‘Twas the night before Christmas, when all thro’ the shop,
Not a power tool was stirring, nor even a mop;
The spray guns were hung by the paint booth with care,
In hopes that St. Nicholas soon would be there;
The technicians were nestled all snug in their beds,
While visions of OEM procedures danc’d in their heads,
I sat in my office, eyes watching the clock,
Waiting for nothing but to close up the shop.
When out in the lot there arose such a clatter,
I sprang from the chair to see what was the matter.
Away to the window I flew like a flash,
Tore open the shutters, and threw up the sash.
The moon on the breast of the new-fallen snow,
Gave the lustre of mid-day to objects below;
When, what to my wondering eyes should appear,
But a smashed-up Honda Civic, with no idea how it got here.
A little old driver popped out, so lively and quick,
I knew in a moment it must not be St. Nick.
More rapid than eagles she ran ‘round the yard,
She whistled, and shouted, and call’d out for help:
“Is there anyone here? Any person around?
I need my car fixed; I need to be homebound.”
I arose from my chair and went down to the door.
“Good evening, ma’am,” I said, standing tall,
“Can I help you with anything? Anything at all?”
As she told me about what her collision implied,
I pondered my brain for any fast fixes in mind;
I told her to wait, and to the shop floor I flew,
With a box full of tools, and the Honda Civic, too.
And then in a twinkling, I took to my work,
Did an estimate, disassembled and revised in a flash,
The clock had struck midnight when I heard a great bash.
With a jolt and a jump, I turned right around,
When, down the chimney, St. Nicholas came with a bound:
He was dress’d all in fur, from his head to his foot,
And his clothes were all tarnish’d with ashes and soot;
A bundle of tools was flung on his back,
And he look’d like a peddler just opening his pack:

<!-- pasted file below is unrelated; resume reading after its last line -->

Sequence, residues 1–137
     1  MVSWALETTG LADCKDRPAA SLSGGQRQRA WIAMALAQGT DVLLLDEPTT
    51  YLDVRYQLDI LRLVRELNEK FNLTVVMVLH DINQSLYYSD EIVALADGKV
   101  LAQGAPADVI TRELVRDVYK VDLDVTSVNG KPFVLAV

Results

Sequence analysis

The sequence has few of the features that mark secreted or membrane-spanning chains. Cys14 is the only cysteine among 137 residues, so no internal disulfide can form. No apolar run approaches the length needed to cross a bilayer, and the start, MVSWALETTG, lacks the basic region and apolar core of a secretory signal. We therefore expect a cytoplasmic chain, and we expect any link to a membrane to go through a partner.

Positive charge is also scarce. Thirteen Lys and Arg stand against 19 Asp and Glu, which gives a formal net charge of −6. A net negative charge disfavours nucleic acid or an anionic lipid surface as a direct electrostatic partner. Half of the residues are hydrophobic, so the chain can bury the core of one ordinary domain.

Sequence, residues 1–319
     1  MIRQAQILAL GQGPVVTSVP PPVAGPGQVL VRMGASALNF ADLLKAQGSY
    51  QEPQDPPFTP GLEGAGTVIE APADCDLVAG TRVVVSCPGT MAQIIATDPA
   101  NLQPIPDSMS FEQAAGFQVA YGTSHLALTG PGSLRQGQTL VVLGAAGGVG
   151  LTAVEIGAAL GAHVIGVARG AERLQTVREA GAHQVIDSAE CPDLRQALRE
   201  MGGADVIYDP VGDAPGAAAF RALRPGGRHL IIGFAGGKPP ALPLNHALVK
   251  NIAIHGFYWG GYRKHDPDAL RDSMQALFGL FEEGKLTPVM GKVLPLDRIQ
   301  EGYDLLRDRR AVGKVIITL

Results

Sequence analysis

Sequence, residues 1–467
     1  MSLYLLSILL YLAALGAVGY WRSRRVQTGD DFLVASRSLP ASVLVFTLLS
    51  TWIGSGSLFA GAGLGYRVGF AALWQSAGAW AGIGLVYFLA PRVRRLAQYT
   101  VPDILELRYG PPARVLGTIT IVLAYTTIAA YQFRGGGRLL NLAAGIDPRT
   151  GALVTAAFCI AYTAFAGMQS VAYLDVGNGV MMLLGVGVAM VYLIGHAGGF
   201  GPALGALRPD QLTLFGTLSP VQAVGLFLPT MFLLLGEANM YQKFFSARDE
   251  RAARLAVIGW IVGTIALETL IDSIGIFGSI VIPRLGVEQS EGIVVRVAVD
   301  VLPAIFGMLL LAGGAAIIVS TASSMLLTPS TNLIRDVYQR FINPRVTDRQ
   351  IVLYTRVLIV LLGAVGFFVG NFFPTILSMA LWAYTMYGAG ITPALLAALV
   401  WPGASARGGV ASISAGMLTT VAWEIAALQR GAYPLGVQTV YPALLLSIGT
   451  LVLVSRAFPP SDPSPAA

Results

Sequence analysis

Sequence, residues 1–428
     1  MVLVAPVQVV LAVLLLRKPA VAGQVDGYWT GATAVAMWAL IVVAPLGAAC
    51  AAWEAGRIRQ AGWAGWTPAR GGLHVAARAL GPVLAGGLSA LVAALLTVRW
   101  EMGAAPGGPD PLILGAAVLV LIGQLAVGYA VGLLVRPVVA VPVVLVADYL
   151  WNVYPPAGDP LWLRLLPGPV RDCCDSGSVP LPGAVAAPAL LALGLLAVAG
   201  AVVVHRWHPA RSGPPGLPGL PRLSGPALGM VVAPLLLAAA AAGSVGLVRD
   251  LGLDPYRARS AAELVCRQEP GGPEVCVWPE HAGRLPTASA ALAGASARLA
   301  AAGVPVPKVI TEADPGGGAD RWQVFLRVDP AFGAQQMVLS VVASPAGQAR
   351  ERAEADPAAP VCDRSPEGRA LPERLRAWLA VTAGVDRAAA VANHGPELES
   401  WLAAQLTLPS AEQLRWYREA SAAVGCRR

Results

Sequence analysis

His eyes—how they twinkled! his dimples how merry,
His cheeks were like roses, his nose like a cherry;
His droll little mouth was drawn up like a bow,
And the beard of his chin was as white as the snow;
The stump of a pipe he held tight in his teeth,
And the smoke it encircled his head like a wreath.
He had a broad face, and a little round belly
That shook when he laugh’d, like a bowl full of jelly:
He was chubby and plump, a right jolly old elf,
And I laugh’d when I saw him in spite of myself;
A wink of his eye and a twist of his head
Soon gave me to know I had nothing to dread.
He spoke not a word, but went straight to the car,
He Bondo’d the body and painted the door.
And when he was finished, he flashed me a smirk,
He fill’d all the tech’s stockings; then turn’d with a jerk.
He gave me a nod, and up the chimney, he ran.
Leaving my dazzled, alone, spray gun in my hand.
Still dazed, I went to the customer to see,
That she was still waiting, her eyes filled with glee.
“Did you fix it, sir? Will I be home on Christmas Eve?”
I smiled, nodded and peered out to the lot,
“Not by myself, however, there was some help that I got.”
“Thank you so much, Merry Christmas to you,”
and out of the shop, to the fixed car, she flew.
Behind her, St. Nicholas soared through the sky,
reindeer all neighing—oh, what a sweet ride.
I packed up my things and closed down the shop,
And away they all flew, with a skip and a hop.
But I heard him exclaim, as they drove out of sight—
Merry Christmas to all, and to all a good night.